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Nov. 4 — The Obama administration is monitoring the automatic enrollment retirement savings strategies being pioneered in other countries as it launches its own myRA program, a senior Treasury Department official said.
J. Mark Iwry, Treasury's deputy assistant secretary for retirement and health policy, told a conference audience Nov. 3 that the administration is monitoring retirement innovations around the globe and is particularly interested in the approach being developed in the U.K.
In October 2012, the U.K. launched a broad retirement savings initiative, which included the creation of a low-cost savings platform known as the National Employment Savings Trust (NEST). By statute, all employers in the U.K. must automatically enroll eligible employees in an approved retirement savings system, a NEST product, or a traditional pension—and make annual contributions.
Iwry conceded that the administration's myRA program—launched nationwide Nov. 4 (see related article in this issue)—is modest compared with the U.K. model. Unlike the U.K. model, the myRA program doesn't require employers to make contributions to the accounts.
“We’ve been able to do less, in terms of achieving enactment—partly because of the differences in the way our governments work and our systems are structured—than the U.K.,” Iwry said. “We very much admire” that the U.K. has “been able to get this kind of automatic enrollment,” he said.
Obama unveiled the myRA program, which is tailored to workers without access to employer-sponsored retirement coverage, in his 2014 State of the Union address.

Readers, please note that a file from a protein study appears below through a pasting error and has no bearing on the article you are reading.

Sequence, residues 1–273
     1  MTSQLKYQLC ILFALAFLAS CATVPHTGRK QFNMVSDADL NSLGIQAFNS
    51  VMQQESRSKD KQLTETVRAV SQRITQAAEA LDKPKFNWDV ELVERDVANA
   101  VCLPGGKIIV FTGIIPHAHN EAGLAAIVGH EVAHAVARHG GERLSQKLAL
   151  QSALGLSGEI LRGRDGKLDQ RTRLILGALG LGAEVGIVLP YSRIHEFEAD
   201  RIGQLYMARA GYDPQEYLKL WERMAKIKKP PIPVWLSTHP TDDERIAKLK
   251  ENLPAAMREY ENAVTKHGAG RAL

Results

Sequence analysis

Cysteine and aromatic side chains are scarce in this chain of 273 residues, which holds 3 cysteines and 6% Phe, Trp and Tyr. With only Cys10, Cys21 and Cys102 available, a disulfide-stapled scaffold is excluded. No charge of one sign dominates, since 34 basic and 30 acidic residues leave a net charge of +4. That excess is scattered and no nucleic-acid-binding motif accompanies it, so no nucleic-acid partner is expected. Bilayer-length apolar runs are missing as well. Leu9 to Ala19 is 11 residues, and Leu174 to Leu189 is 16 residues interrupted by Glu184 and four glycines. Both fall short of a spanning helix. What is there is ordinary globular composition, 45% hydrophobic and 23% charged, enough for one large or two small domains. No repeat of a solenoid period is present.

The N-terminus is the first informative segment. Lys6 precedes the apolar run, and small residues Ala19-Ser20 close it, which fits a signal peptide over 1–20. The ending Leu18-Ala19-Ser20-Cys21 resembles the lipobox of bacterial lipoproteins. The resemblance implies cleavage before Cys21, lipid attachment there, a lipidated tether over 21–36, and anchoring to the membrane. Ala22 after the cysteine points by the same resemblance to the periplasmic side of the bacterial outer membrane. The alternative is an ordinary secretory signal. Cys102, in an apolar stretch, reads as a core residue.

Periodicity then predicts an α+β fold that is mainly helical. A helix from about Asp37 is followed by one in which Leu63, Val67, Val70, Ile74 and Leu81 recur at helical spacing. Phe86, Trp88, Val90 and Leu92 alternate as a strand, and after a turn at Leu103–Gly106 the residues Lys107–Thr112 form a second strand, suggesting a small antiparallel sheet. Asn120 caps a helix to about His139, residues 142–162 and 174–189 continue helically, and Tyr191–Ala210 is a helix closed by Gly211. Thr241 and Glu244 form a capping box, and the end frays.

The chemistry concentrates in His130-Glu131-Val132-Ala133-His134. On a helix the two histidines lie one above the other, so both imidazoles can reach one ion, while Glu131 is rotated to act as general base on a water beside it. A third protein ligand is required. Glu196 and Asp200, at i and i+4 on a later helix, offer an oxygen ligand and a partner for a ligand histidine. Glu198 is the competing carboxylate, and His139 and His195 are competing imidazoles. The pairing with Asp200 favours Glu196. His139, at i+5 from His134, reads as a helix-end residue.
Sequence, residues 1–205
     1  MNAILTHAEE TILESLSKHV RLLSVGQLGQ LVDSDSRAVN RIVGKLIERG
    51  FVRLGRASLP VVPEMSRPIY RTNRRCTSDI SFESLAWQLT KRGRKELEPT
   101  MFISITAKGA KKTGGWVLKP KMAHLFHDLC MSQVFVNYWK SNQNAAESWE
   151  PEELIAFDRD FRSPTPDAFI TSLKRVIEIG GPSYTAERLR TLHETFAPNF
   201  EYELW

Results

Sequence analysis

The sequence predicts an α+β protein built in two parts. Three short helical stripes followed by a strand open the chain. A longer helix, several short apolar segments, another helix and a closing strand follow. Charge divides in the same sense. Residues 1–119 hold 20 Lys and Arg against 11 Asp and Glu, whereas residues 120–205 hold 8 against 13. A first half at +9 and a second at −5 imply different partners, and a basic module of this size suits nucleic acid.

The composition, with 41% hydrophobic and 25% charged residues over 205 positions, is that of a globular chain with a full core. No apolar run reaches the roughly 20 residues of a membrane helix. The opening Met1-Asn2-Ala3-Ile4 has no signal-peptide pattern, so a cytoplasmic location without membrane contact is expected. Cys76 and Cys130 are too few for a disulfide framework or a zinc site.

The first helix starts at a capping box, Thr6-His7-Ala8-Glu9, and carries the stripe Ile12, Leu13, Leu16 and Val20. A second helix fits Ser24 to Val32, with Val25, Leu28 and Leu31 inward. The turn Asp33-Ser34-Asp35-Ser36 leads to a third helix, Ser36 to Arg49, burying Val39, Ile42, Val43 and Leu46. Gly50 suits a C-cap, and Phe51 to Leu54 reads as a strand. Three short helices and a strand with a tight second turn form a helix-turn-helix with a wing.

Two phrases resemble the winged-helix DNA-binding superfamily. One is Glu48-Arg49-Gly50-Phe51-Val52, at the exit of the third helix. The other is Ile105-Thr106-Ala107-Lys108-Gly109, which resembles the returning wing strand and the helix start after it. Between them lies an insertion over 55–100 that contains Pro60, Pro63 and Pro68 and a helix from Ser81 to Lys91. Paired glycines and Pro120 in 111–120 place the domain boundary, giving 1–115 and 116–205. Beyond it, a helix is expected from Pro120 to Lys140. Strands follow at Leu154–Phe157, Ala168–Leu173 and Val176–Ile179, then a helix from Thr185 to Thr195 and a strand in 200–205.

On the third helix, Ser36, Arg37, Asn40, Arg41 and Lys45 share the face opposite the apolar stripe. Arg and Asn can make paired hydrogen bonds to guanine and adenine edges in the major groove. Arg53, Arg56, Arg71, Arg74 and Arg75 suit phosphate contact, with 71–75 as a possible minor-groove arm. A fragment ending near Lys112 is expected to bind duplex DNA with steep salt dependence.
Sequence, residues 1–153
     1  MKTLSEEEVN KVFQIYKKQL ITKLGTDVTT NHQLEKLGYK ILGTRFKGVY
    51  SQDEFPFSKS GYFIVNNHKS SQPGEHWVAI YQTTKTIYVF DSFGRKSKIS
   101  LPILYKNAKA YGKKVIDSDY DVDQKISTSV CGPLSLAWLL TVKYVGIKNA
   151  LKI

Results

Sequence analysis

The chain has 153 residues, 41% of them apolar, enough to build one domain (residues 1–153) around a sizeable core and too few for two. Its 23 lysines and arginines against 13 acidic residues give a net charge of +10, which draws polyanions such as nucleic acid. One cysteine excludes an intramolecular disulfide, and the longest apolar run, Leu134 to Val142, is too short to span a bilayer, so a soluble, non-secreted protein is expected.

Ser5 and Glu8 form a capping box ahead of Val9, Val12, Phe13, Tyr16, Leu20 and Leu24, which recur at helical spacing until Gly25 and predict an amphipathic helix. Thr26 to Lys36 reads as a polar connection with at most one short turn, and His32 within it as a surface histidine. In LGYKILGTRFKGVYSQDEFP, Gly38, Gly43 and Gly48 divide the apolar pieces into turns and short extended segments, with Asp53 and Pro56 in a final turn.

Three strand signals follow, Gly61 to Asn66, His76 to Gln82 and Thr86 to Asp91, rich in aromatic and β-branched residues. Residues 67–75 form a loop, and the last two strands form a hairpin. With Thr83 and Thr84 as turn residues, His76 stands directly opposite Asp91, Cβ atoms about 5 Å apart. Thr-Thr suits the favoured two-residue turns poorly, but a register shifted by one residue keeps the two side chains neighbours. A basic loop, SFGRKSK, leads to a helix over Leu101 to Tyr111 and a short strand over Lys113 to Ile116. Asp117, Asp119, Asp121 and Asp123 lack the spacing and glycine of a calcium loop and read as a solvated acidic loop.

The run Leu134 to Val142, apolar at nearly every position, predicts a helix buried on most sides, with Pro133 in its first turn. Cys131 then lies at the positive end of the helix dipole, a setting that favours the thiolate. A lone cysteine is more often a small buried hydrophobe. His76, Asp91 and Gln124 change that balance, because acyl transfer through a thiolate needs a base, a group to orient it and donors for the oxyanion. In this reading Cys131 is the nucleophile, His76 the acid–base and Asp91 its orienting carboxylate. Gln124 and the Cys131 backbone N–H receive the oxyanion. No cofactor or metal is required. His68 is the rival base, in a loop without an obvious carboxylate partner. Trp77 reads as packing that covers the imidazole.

David C. John, senior strategic policy adviser at the AARP Public Policy Institute, lauded retirement saving innovations being pursued throughout Europe and on other continents as well.
The U.K. program “is very close to some of the solutions we’ve discussed,” John said. “But we see the same discussions in France and Germany, in Sweden and Japan. Malaysia is working on a system. So this is not just an American situation. This is a worldwide situation,” John said.
The comments by Iwry and John came during a retirement policy conference in Chicago sponsored by AARP and several retirement research organizations, including the Retirement Security Project of the Brookings Institution. Several speakers from the U.K. gave presentations highlighting the innovations in that nation.
According to a summary document provided at the conference, eligible workers in the U.K. are automatically enrolled in the program, but they're free to opt out. Workers who opt out, however, will be re-enrolled every three years or within 30 days of changing jobs. Workers are free to opt out following re-enrollment.
When the program is fully implemented in 2018, all enrolled workers will see 8 percent of their annual income channeled into their personal plan. Of that total, 3 percent is paid by the worker, 4 percent by the employer and 1 percent by the government.
• low costs, including an annual management fee of 0.3 percent of a worker's savings, through economies of scale and a narrow menu of investment choices;
• a “target retirement date fund” as a default investment, which draws 99 percent of participants;
• higher- and lower-risk investment options, a human rights fund, a Sharia fund based on Islamic law and a fund for individuals close to retirement who are planning to purchase an annuity.
Charlotte Clark, director of private pensions in the U.K. Department for Work and Pensions, was asked her predictions for the program as employers and employees become more comfortable with it. Clark said she expects the national requirements for enrollment to expand, capturing more of the U.K. workforce; consolidation of private plans offering retirement options to workers; greater interest in retirement planning service and a more active savings culture; and higher contribution requirements totaling 10 percent of annual salary.
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